Kashayam

Kashayam (also known as Kasayam) is not a specific beverage; the term only denotes a way of administrating Ayurvedic medicine in the form of a medicinal beverage. Therefore, a wide range of kashayams exists, with varying ingredients, proportions and preparation methods.

Many recipes for kashayam includes spices and herbs that are commonly used in food or home remedies on the Indian subcontinent, such as:

  • Ginger
  • Garlic
  • Cinnamon power or sticks
  • Cloves
  • Black pepper corns
  • Ajowan
  • Indian long pepper (pipli)
  • Neem leaves
  • Holy basil (tulsi)

Some kashayams include only water and one spice or herb, while others are more complex. Many kashayams are quite bitter in taste.

In Ayuervedic medicine, kashayams are used to treat a wide range of ailments, including indigestion and the symptoms of upper respiratory tract infections. There are also those who drink kashayams once a week as a preventative measure, as certain kashayams are believed to be “cleansing” for the body.

Kashayam

About ayurveda

Ayurveda is a type of alternative medicine that developed on the Indian subcontinent. The belief system and its associated treatments have evolved over more than two millennia.

The main classical Ayurveda texts start with stories about how medical knowledge was transmitted from gods to human sages, and then to physicians. In the compendium Sushruta Samhita, Dhanvantari – a Hindu god of Ayurveda – incarnates himself as a king of Varanasi to teach medicine to human physicians.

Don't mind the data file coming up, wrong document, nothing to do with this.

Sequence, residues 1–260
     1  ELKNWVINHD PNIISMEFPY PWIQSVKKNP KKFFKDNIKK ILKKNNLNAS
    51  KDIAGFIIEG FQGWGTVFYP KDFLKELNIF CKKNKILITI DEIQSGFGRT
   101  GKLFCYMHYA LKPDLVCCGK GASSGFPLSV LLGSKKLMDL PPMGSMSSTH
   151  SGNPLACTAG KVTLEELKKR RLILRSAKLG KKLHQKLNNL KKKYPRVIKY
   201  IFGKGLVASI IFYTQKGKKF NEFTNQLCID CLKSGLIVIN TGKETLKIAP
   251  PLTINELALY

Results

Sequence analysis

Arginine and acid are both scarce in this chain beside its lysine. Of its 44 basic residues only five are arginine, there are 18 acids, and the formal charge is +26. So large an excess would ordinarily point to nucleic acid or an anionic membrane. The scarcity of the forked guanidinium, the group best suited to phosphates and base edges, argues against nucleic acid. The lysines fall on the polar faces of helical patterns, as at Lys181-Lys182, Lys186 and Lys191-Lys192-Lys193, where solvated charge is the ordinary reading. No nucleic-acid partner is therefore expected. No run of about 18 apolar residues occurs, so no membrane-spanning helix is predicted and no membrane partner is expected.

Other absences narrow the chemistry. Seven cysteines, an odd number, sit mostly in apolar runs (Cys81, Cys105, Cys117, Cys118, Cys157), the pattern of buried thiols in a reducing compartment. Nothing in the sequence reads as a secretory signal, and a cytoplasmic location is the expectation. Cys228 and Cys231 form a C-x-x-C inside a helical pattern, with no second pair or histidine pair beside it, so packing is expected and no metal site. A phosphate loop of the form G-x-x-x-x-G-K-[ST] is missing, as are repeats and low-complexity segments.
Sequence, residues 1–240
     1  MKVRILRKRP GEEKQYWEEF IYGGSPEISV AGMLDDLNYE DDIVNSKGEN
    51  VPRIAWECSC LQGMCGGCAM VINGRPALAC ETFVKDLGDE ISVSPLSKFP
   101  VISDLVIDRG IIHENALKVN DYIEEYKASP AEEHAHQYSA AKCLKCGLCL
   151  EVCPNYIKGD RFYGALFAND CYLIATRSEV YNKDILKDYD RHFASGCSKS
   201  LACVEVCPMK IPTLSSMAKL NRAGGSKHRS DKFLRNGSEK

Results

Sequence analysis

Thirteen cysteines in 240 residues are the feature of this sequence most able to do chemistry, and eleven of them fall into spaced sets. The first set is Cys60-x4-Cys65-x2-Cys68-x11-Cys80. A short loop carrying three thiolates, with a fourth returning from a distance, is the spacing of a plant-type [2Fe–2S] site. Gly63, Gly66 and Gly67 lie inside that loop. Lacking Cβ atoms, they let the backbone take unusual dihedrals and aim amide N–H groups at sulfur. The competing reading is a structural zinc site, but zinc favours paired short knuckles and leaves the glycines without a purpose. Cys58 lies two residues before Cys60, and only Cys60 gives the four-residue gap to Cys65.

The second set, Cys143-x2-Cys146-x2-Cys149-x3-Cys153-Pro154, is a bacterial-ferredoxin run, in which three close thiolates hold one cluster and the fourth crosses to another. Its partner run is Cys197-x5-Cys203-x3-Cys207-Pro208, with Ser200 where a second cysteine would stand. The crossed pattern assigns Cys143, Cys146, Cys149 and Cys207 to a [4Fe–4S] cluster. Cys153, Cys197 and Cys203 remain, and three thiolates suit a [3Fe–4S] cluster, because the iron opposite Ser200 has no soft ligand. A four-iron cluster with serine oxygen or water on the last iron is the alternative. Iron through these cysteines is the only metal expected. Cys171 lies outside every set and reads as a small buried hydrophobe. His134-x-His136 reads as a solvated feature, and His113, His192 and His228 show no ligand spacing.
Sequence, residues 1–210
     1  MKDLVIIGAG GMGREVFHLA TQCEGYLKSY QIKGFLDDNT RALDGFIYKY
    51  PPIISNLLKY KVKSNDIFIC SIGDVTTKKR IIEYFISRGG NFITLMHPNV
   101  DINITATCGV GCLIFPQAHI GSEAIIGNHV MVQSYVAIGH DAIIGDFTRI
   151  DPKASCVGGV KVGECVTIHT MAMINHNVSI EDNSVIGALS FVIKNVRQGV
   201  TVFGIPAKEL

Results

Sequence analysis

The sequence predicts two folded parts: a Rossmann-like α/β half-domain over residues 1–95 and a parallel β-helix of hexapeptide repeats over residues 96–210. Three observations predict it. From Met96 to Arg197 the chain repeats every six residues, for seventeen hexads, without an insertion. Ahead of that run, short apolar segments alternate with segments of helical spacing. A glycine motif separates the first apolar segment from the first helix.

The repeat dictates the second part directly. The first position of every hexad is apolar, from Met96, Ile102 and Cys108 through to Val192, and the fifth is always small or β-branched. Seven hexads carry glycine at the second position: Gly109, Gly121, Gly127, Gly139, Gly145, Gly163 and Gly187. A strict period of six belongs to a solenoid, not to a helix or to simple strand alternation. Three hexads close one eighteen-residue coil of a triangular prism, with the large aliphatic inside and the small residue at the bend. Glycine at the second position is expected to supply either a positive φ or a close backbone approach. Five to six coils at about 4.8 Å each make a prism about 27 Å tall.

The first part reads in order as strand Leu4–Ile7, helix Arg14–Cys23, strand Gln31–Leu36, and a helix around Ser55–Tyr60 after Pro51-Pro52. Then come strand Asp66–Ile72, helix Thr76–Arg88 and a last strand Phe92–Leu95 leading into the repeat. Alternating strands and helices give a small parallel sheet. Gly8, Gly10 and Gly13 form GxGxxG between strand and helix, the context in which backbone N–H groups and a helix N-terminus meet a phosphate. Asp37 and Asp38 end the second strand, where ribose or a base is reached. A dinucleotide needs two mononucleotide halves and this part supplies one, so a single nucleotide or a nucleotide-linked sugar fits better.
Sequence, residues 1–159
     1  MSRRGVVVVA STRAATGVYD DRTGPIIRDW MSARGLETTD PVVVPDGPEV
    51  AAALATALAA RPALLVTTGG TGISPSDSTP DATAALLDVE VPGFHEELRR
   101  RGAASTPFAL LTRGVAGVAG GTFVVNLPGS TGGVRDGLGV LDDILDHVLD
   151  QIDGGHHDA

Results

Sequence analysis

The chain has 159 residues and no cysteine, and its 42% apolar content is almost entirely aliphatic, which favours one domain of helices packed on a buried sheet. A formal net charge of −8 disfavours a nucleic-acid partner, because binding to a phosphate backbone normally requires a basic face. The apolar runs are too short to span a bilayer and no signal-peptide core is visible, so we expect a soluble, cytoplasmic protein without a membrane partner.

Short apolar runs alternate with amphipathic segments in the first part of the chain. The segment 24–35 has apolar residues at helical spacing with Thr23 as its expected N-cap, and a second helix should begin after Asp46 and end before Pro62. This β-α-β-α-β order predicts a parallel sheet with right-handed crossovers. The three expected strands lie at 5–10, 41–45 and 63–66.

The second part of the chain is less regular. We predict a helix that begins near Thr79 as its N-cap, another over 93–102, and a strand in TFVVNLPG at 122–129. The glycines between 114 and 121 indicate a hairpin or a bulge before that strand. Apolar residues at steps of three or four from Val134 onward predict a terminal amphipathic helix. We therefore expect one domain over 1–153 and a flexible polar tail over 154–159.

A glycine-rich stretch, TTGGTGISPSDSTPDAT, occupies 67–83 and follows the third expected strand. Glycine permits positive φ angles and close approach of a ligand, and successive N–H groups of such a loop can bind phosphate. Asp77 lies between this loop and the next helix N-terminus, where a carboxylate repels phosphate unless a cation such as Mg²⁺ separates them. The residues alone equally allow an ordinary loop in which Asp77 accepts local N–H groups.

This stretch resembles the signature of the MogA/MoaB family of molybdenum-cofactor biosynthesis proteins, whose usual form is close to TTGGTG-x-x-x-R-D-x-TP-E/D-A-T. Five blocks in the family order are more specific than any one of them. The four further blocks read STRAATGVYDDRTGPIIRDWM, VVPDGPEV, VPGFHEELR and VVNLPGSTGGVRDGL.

Ayurveda developed significantly during India´s Vedic period, circa 1500 BCE – circa 500 BCE.

Today´s ayurveda divide medicine into eight canonical components. Two of the eight branches of classical ayurveda deal with surgery, while the other six only use non-surgical methods. Modern-day ayurvedic practitioners tend to focus on the importance of continuously building and maintaining a healthy metabolic system, including good digestion and excretion. Hygiene is also important, including bathing, mouth cleaning, eye washing and skincare.

Ayurvedic preparations

  • Many ayurvedic preparations are plant-based, and many different parts of plants are utilized, e.g. roots, leaves, fruits, seeds, seedpods, and bark.
  • Examples of animal products included in ayurvedic preparations are milk, animal fat, bones and gallstones.
  • Consumption of minerals can be prescribed, including minerals that modern medicine would caution strongly against, such as lead.
  • Alcoholic beverages called madya are said to adjust the doshas by increasing Pitta and reducing Vatta and Kapha. These alcoholic beaverages can, for instance, be pure sugar-based, fruit-based, cereal-based, or fermented with vinegar. Tonic wines are also utilized.
  • Purified opium is included in some ayurvedic preparation and is said to balance the Vata and Kapha doshas, while simultaneously increasing the Pitta dosha.
  • Cannabis indica is used to treat diarrhea and as a component in certain aphrodisiacs.

Heavy metals

Using ready-made ayurvedic preparations can be risky. In 2008, a study unveiled that over 20% of the tested Ayurveda U.S. and Indian-manufactured medicines sold online contained toxic levels of heavy metals, specifically lead, mercury and the metalloid arsenic.

For more information: https://pubmed.ncbi.nlm.nih.gov/18728265/